The Important, Proud, Storied Tradition of the Pasadena Art Alliance Continues, with Last Weekend’s Auction

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5:53 am | May 8, 2018


[Updated] The Pasadena Art Alliance continued its storied tradition of supporting the contemporary visual arts with its biennial art auction fundraiser last Saturday at Vibiana in downtown Los Angeles, with about 400 in attendance.

The group comments on its website that “Los Angeles is now recognized as an international leader in contemporary art. We think our organization helped make that possible.”

In fact, the Pasadena Art Alliance supporters comprise what many say is the largest independent contemporary visual arts support group in the nation. Since 1955 the group’s members have passionately supported contemporary art and artists and provided financial support, through grants, of over $6 million.

In March, the Alliance gave $300,000 to 31 southland arts organizations. It gave out about the same amount last year.

Although the exact amount raised from the auction is not made public, Public Relations Chair Louise Brinsley said that 88 works were sold and that “we were very pleased with the combined Patron donations and auction proceeds that will support our Grants Program and the Impact Award in the next year.”

All money raised during Saturday’s art auction goes directly towards the PAA Grants Program and its Impact Award, which fund projects for the arts and art education that make a difference in the community.

“We give to institutions of varying degrees of size,” said Bea Trujillo, Pasadena Art Alliance President.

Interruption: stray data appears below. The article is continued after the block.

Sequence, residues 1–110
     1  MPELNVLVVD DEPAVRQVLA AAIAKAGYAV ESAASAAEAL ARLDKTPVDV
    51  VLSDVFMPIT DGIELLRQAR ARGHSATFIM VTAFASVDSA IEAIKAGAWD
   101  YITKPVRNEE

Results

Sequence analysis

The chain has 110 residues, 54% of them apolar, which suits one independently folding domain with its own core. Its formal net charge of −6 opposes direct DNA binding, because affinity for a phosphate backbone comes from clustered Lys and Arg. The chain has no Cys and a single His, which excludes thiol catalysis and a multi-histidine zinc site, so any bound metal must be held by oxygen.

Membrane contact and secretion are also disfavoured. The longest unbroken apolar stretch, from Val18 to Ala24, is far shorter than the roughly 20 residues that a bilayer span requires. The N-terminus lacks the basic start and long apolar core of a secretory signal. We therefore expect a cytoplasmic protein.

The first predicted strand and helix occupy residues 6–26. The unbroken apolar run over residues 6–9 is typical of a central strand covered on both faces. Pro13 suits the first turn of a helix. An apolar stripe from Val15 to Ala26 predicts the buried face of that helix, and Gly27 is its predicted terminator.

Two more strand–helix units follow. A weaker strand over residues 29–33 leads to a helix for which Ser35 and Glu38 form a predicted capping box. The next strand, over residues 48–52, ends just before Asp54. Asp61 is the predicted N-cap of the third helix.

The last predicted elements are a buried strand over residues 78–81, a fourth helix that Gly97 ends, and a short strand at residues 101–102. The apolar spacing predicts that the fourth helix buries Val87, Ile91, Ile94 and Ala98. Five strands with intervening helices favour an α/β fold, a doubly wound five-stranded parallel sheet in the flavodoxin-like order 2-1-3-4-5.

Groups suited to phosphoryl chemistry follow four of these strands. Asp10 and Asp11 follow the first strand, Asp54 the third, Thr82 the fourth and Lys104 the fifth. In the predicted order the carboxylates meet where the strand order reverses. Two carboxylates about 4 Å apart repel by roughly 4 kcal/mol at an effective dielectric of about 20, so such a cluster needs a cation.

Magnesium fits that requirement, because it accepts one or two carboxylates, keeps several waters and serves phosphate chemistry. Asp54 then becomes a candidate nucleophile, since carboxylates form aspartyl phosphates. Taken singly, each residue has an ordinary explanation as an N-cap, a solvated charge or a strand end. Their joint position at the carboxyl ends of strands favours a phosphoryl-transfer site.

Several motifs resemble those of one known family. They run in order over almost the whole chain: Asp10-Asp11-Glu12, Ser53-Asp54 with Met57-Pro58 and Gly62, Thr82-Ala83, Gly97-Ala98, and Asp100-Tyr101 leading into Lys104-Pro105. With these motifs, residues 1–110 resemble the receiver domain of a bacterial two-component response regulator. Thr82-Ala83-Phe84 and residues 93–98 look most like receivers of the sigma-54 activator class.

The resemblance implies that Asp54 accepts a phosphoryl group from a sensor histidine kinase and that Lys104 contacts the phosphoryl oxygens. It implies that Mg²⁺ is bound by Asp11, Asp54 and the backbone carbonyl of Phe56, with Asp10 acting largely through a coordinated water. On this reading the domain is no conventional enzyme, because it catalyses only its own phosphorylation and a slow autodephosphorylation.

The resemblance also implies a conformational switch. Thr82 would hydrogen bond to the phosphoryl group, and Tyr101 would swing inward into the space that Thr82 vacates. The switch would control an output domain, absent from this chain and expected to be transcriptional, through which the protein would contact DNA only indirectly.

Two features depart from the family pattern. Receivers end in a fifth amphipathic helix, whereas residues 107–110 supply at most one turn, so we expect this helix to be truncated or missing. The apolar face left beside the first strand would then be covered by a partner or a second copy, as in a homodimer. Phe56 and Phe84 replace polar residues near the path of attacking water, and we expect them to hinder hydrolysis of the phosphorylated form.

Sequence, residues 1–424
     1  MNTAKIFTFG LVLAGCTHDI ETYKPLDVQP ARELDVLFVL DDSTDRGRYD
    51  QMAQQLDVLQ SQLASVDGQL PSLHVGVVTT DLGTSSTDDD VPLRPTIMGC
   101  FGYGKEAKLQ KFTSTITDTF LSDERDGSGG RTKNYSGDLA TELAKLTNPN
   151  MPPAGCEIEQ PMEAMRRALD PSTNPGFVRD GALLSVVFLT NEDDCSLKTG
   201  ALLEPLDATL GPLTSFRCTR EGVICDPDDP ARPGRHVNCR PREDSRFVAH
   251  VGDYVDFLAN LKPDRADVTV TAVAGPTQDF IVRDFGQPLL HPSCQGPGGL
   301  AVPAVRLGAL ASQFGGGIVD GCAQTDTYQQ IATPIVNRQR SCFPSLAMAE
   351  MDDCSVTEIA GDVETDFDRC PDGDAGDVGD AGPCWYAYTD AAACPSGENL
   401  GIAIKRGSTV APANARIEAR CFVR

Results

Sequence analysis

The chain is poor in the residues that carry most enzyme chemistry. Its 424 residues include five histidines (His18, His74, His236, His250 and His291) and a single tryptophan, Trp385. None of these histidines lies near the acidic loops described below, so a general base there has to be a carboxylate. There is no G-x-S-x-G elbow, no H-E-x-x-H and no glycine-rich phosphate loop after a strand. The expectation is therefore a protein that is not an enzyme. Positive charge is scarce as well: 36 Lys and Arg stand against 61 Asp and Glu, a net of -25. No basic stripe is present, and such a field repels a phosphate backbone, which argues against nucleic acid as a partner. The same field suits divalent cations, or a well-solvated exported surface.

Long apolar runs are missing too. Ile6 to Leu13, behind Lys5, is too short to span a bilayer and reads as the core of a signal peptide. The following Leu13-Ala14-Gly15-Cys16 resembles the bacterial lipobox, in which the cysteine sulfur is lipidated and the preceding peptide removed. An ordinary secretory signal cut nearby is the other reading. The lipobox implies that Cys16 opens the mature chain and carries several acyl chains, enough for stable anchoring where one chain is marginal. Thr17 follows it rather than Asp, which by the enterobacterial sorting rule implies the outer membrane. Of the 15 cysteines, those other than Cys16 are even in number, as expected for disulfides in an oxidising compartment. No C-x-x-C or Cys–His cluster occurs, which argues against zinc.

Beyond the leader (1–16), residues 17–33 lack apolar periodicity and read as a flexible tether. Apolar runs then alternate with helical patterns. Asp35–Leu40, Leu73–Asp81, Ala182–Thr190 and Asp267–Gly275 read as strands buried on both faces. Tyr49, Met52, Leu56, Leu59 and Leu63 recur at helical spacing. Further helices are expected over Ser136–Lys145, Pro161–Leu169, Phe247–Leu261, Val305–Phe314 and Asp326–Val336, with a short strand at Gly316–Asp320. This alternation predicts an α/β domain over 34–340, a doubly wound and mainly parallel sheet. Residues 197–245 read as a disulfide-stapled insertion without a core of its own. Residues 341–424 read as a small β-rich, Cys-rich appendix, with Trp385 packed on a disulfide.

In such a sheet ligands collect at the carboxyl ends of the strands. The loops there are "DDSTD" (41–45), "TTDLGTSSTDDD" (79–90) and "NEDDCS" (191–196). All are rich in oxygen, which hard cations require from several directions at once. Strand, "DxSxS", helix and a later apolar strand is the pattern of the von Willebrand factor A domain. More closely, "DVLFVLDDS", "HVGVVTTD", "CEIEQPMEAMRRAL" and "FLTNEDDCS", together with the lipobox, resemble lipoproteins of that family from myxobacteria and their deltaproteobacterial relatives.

Among the organizations that have received grants from the Pasadena Art Alliance include the Armory Center for the Arts, ArtCenter College of Design, Fulcrum Arts, the Japanese American National Museum, the Museum of Jurassic Technology, NewTown Arts, the Pasadena Museum of California Art and Side Street Projects.

Patty Zuber, an Alliance member, said the Pasadena women who started the Alliance back in the 1950s were so interested in contemporary art that many of them are still active and still doing what they can to help achieve the group’s mission.

Zuber in particular cites the early Art Alliance’s support of the Pasadena Art Museum, the predecessor to the Norton Simon Museum

“Some of the stories from those early days are pretty legendary. They were tasked with really any job that they needed have done at the Pasadena Art Museum, like cleaning bathrooms or filing papers or doing things even a higher-end like exhibiting the art or cataloging the arts,” Zuber said. “Sometimes, the art line ladies would be tasked with entertaining the artist prior to the party and prior to the event, so there are a couple of good stories about Andy Warhol and Marcel Duchamp. Those are the kinds of things that I think makes the genesis of the organization.”

Aside from the biennial Art Auction, Pasadena Art Alliance also holds SNAP, primarily a portrait photography benefit that started as a partnership with the Art Center College of Design in 2003, and Treasure Sale, held roughly every four years, where Alliance members work together to collect donations of antiques, furniture, china, glassware, silver and appliances, and then appraise, price, and display them for sale. The Alliance said the next Treasure Sale will be in 2019.